So any judgment, therefore, is deemed bigotry; only indiscriminateness is permissible, as discrimination is, of course, wrong. No one thing can be any better than any other and to think otherwise is to impose one’s own bigotry into such judgment. This is the logical consequence of embracing moral relativism, as Modern Liberals have.
But how, then, to explain that some religions, nations, entrepreneurs, are more successful than others, if one is to consider that all religions, nations, entrepreneurs are equal? The explanation, contends Sayet, is that to the Modern Liberal constrained by this false premise, is that the successful somehow cheated and victimized those that failed. And therefore to consider that success might be due to some inherent characteristic or hard work or better ideology – is to be a bigot. To evaluate objectively, then, is to be a bigot.
So given that our media is populated for the most part by Modern Liberals, and given, as Sayet contends, that recognizing some nations, policies, people, are more successful than others, and given that evaluating objectively is bigotry, then it is clear that, to a Modern Liberal “journalist,” objective reporting – that kind of reporting that constitutes effective information promulgation – can only be bigoted. And we’re right back to the contention that Rush Limbaugh admired: to the Modern Liberal, “it’s an act of bigotry, to be an objective reporter.”
So, is it true? Do journalists operate in fear of being bigoted, and is it this fear that impels them to contortionist efforts to avoid being seen as bigoted? If they operate from a “not that there’s anything wrong with that” core conviction, it is likely that they’d have a marrow-deep repulsion at the idea that they might somehow betray some personal prejudice that there might, in fact, BE something wrong with something – with Hamas firing rockets into Jerusalem and killing innocent children, with the staggering human suffering under Communism and its economic unsustainability, with the absurd claims of Global Warmists, with the idea that Hillary Clinton betrayed our Ambassador and others in Benghazi by denying their repeated requests for increased security, with the very idea that the President lied repeatedly about this, blaming it on a youtube video then went to a fundraiser with Beyonce, (What if President Bush had done this?) with the reality that the Arab Spring protests might well have been begun by students wanting nothing more than Jeffersonian democracy but that their efforts were hijacked by the Muslim Brotherhood, the organization that is hallmarked by patience and a façade of reason behind which Islamic theocracies are installed, and on and on. Was it brain-crunching mental gymnastics to not be bigoted, to not be objective, that kept reporters from telling the truth about the Zimmerman trial, or about Israel, or about Katrina? Was it desperate attempts to not be bigoted that motivated nearly every mainstream media reporter and network to cover for the administration about the massacre in Benghazi, or Fast and Furious, or Obamacare?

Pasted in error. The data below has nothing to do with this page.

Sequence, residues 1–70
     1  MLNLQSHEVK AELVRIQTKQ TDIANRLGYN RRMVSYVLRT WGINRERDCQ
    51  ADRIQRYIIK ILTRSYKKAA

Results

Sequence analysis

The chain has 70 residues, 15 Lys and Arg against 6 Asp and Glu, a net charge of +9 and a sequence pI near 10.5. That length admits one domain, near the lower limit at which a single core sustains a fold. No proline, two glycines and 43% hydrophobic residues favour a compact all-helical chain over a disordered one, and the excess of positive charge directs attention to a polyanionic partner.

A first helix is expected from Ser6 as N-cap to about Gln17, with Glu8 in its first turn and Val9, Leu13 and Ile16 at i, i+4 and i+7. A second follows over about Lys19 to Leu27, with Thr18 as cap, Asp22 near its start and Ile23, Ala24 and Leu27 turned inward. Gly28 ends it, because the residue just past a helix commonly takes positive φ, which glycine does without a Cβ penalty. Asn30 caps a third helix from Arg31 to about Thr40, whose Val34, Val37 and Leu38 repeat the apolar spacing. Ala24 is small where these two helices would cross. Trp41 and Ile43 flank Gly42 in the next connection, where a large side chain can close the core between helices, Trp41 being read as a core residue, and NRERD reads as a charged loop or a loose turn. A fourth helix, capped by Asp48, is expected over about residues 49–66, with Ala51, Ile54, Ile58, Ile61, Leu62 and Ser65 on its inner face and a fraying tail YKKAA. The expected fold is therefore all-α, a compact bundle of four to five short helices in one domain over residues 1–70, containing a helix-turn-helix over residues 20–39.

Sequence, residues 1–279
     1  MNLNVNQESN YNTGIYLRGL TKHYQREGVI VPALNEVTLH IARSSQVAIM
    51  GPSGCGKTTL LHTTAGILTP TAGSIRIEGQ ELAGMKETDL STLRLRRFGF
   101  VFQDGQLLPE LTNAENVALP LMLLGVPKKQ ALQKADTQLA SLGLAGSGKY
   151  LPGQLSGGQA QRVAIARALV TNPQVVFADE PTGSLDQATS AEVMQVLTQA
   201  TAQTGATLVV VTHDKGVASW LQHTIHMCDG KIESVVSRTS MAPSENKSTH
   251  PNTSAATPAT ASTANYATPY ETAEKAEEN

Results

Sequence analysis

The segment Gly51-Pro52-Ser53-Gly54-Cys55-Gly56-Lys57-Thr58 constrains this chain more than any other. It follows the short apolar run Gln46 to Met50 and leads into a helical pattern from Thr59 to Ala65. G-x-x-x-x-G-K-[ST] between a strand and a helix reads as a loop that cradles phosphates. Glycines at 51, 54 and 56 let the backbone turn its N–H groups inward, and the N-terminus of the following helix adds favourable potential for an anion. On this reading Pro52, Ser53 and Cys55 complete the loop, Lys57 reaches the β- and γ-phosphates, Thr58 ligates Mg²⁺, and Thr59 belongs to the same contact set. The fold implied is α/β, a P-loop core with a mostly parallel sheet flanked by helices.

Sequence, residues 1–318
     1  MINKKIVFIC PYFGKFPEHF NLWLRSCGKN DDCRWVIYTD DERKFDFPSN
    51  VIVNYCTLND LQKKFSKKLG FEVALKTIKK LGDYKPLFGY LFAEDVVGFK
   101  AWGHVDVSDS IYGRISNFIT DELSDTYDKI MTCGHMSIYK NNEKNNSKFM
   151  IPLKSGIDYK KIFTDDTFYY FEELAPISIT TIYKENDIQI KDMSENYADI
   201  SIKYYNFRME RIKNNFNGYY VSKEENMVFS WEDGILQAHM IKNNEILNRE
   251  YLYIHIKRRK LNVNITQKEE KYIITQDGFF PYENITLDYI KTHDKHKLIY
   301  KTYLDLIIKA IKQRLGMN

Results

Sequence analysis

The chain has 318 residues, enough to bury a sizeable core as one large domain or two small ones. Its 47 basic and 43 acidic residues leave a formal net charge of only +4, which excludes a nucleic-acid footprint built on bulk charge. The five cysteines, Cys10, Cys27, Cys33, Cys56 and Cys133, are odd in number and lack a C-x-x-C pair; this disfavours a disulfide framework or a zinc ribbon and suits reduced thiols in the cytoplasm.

Not only does Sayet make a compelling case for this, but he points out it’s even worse.
The logical and unintended consequence of reporting from a stance of moral relativism is that rather these contorted effort to be “fair,” non-judgmental and not discriminatory in fact, lead to stories that are utterly and completely wrong. By these gyrations, they elevate the evil, failed and wrong, while of necessity denigrating the good, right and successful. Consider the “reporting” on Benghazi. The narrative out of the White House, and therefore the media, was not that they were caught unawares, that they didn’t know who the perpetrators of this massacre were, that they had some idea and would pursue this, that they didn’t want to rush to judgment till the facts were all in. On the contrary. Word came out of the administration that the slaughter of our people in Libya was due to an American exercising his first-amendment-protected right to create a video. Not only was this false, but it was as outrageous a lie as one could craft, and turned our first amendment into a scapegoat for the death of our diplomat and the three other men who lost their lives protecting him. As Sayet would say: “folks, this was not just a little bit off, but it’s 180 degrees from the truth,” as well as turning the blame back to one of the hallmarks of America’s exceptional greatness: our constitutionally-protected right to free speech.
What we have then, most ironically, is that these gyrations intended to avoid bigotry lead, in fact, to bigotry of an even worse kind. The bigotry that comes out of elevating the evil and denigrating the good is far, far worse than bigotry that comes from objective, thoughtful, considered evaluations. Reviling Israel because they must have done something to warrant having their children murdered by those raised from birth to hate Jews is bigotry rooted in twisted irrationality. The bigotry that leads one to blame the American creator of a youtube video for the massacre is infinitely worse that the recognition of Islamic extremism as a very real and legitimate danger. The bigotry that is the natural consequence of the Modern Liberals’ lies, deceptions, contortions to avoid “bigotry” by eschewing objectivity is far more pernicious than that which it seeks to avoid.
Do they lie, distort, mislead, because they will do anything to advance the leftist agenda? Yes indeed. But the leftist agenda is born out of the “not that there’s anything wrong with that” moral relativist mind-set, which leads, as Sayet says, to denigrating the good and elevating the evil, failed and wrong, and the majority of today’s “mainstream media” reporters are no exception.
The danger is that we trust them as our “intelligence service,” to provide us with accurate, objective information, and every day, with every report, they betray us.
Is Sayet right in saying that to todays’ journalist, objective reporting is an act of bigotry? Yes, indeed. But their brand of “reporting” is, in fact, far more bigoted than objective journalism could ever be.
Watch the video. It will stun you. And listen clear through the questions and answers, too. They are gems.